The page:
With consumers struggling financially and retailers having succeeded in pulling holiday sales into early November and even October, the downward trend in sales and email marketing activity during the Thanksgiving holiday weekend continued on Cyber Monday.
Rising email volume
Oracle Marketing Consulting predicted a 10% increase in email volume on Cyber Monday during their Choosing the Best Days to Send Email Campaigns This Holiday Season webinar in August. However, official numbers show that B2C marketers sent 10.9% fewer emails on Cyber Monday compared to last year, according to data from Oracle Marketing Consulting based on a panel of more than 40 major national B2C brands using the Oracle Responsys Campaign Management platform.
On Cyber Monday, preliminary performance data shows that unique email open rates were down 13.1% year-over-year and revenue per email was down 35.6%, according to Oracle’s panel data.
“Just as Black Friday was really more of a Black Friday Week, with sales going all week long, Cyber Monday will likely play out similarly,” Clint Kaiser, Head of Analytic & Strategic Services at Oracle Marketing Consulting, told SmarterCX. “To get a sense of how they truly performed, companies will want to look at their email performance and sales over the entire Cyber Week—and then look at that within the context of their performance since the week of Veterans Day, which is when many retailers kicked off their holiday promotions in earnest.”
Slowing online sales growth
Consumers spent $10.8 billion online on Monday, a new one-day record that eclipsed Cyber Monday’s 2019 sales by 15.1%, according to Adobe Analytics. But despite hitting record levels, the performance was a major disappointment. First, the online sales tally came in far short of Adobe’s original forecast of $12.7 billion, according to CNBC. It also fell well short of Insider Intelligence’s forecast of $12.89 billion in online sales.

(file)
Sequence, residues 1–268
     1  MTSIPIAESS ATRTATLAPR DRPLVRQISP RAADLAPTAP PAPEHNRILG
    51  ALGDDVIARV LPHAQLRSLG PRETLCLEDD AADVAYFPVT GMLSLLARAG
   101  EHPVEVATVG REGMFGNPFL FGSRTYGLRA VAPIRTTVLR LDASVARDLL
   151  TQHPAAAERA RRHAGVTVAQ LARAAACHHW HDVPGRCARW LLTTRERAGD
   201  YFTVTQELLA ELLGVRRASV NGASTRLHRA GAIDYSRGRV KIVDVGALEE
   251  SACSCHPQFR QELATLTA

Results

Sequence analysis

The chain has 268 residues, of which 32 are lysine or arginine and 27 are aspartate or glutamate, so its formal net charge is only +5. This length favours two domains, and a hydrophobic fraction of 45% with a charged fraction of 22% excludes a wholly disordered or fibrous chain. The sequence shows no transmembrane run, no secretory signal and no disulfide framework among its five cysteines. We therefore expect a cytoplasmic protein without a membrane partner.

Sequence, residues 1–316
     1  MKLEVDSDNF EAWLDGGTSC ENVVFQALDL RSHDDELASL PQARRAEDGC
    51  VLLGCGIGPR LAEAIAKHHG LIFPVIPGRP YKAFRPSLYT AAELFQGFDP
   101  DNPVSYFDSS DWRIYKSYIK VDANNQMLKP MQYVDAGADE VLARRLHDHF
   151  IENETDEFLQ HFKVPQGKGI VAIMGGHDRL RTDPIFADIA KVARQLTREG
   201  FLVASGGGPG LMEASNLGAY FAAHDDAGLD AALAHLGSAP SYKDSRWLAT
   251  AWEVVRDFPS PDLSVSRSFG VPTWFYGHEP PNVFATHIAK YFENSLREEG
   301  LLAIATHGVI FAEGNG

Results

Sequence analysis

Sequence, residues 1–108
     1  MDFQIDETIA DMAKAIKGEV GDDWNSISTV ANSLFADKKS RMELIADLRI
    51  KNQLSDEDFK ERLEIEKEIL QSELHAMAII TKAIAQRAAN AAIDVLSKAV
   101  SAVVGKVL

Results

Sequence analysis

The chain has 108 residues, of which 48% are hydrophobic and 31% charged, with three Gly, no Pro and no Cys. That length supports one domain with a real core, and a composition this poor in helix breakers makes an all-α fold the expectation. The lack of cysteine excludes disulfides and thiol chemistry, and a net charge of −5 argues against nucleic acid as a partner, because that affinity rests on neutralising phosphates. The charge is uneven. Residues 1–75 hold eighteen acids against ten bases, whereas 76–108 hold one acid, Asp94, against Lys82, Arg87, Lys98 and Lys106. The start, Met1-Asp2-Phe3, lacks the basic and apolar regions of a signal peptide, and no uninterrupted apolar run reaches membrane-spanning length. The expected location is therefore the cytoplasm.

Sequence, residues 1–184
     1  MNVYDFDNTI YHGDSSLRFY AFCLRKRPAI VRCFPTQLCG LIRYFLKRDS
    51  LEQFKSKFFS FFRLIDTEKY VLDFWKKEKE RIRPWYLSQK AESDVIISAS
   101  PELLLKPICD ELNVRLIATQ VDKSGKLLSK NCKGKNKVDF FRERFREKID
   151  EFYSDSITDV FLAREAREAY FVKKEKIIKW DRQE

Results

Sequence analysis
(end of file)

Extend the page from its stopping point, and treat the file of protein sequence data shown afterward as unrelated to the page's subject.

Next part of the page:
And second, the 15.1% growth represents the continued slowing of online sales growth. As previously reported, online sales grew at a 22% year-over-year pace on Thanksgiving and Black Friday. During the third quarter, ecommerce sales grew at a 46% year-over-year pace, according to Adobe Analytics and at a 36.7% clip, according to the US Census Bureau. There’s a very clear slowing trend showing during what’s usually the strongest part of the holiday season.
Compounded by falling offline sales
The weaker-than-expected online sales are occurring against a backdrop of plunging offline sales due to slower foot traffic in stores. From Thanksgiving Day (Nov. 26) through Sunday (Nov. 29), store traffic fell 49% compared to 2019, according to Sensormatic Solutions. On Cyber Monday, store traffic declined 23% year-over-year.
Offline sales are still critical to overall retail sales since they represent 86.5% of all retail receipts, according to the US Census Bureau.
Overall, over the five-day period of Thanksgiving to Cyber Monday, shoppers spent nearly 14% less on average on holiday-related purchases both online and offline, spending $311.75 each on average this year compared to $361.90 in 2019, according to the National Retail Federation.
Email messaging trends
Cyber Monday lived up to its reputation for having some of the best online deals of the year, with discounts on Monday appearing to be steeper than on Black Friday. While many large brands, such as Lane Bryant, Express, and Gap, promoted 50% off—which was the highwater mark on Black Friday—others, including Belk, Houzz, and Rugs USA, promoted “up to 75% off.”
In terms of email design, live countdown timers that ticked down to the expiration of Cyber Monday sales were fairly common. Such countdowns were used by Saks Fifth Avenue, REI, Camping World, Bass Pro Shops, Eddie Bauer, and Gap, among others. Animated gifs were also quite popular in retailers’ email campaigns, with Michaels, Uncommon Goods, Kohl’s, Nordstrom, Dick’s Sporting Goods, T.J.Maxx, and others using them.
Oracle’s December forecast
Oracle Marketing Consulting is forecasting that email marketing volume will be up year-over-year through Green Monday (Dec. 14), but then decline through Christmas Day as COVID-related restrictions likely increase. With COVID-19 hospitalizations at record levels and infections expected to spike in the wake of Thanksgiving, the risk of new restrictions impacting December retail sales is high, says Kaiser.
“Down the home stretch, we expect retailers to even more actively promote and incentivize curbside pickup and ‘buy now pay later’ services like Klarna,” he says. “We also expect them to offer plenty of ‘reward cards’ that are only redeemable in January to try to sustain some sales momentum into the new year and to convert some one-time holiday shoppers into regular customers.”
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